one or more layers of continuous fiber arrayed longitudinally within the one or more longitudinal segments so as to provide resistance against the tension caused within the one or more longitudinal segments.

15. The reinforced structural component according to claim 14, wherein a width of each of the one or more layers of continuous fiber is disposed generally parallel with the second axis.

16. The reinforced structural component according to claim 14, wherein the cross-section varies in size and/or shape along the longitudinal direction.

17. The reinforced structural component according to claim 14, wherein the elongate body portion is shaped as at least one of a single-channel pipe, a multi-channel pipe, a circular pipe, a polygonal pipe, a rectangular beam, a circular beam, a triangular beam, an I-beam, a C-channel, an L-channel, a T-channel, a flat panel, or a curved panel.

18. A structural component for an aircraft, comprising:

an elongate body portion made of thermoplastic material and chopped fibers, the elongate body portion having a central longitudinal axis and a cross-section orthogonal to the central longitudinal axis, the cross-section having an outer periphery and an inner core inward of the outer periphery, wherein the elongate body portion has an outer peripheral portion and an inner core portion corresponding to respective longitudinal projections of the outer periphery and inner core, and wherein the elongate body portion is configured for bending about a second axis transverse to the central longitudinal axis causing tension in the longitudinal direction within one or more longitudinal segments of the inner core portion; and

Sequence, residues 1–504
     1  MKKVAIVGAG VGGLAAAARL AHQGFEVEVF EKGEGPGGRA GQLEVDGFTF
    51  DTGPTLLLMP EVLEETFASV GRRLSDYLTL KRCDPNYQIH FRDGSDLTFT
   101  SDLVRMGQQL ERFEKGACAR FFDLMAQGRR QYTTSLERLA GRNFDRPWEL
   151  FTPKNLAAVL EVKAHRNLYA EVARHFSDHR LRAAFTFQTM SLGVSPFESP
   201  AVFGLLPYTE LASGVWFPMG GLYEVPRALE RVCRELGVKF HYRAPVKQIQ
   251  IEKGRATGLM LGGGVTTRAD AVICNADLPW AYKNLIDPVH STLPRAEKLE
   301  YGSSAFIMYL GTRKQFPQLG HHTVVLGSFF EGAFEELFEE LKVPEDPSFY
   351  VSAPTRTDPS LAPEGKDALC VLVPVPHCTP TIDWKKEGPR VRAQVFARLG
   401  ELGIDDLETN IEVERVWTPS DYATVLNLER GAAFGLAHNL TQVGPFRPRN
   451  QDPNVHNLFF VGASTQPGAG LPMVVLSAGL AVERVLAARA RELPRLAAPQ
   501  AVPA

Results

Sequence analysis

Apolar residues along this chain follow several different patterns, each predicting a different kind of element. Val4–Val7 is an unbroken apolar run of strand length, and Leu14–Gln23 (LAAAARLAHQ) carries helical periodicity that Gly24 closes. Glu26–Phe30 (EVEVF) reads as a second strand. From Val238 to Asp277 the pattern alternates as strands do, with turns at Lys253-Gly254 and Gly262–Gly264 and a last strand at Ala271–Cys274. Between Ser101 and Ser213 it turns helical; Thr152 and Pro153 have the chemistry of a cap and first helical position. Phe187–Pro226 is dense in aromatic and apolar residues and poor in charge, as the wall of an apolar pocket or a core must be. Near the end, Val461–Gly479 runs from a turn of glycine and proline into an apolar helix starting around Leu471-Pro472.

one or more layers of continuous fiber arrayed longitudinally within the one or more longitudinal segments so as to provide resistance against the tension caused within the one or more longitudinal segments, wherein a width of each of the one or more layers of continuous fiber is disposed generally parallel with the second axis.

19. The structural component according to claim 18, wherein the cross-section varies in size and/or shape along the longitudinal direction.

20. The structural component according to claim 18, wherein the elongate body portion is shaped as at least one of a single-channel pipe, a multi-channel pipe, a circular pipe, a polygonal pipe, a rectangular beam, a circular beam, a triangular beam, an I-beam, a C-channel, an L-channel, a T-channel, a flat panel, or a curved panel.

Patent History
Publication number: 20220243471
Type: Application
Filed: Sep 30, 2021
Publication Date: Aug 4, 2022
Applicant: The Boeing Company (Chicago, IL)
Inventor: Dennis L. Coad (Madison, AL)
Application Number: 17/490,566
Classifications
International Classification: E04C 3/29 (20060101); F16L 9/12 (20060101);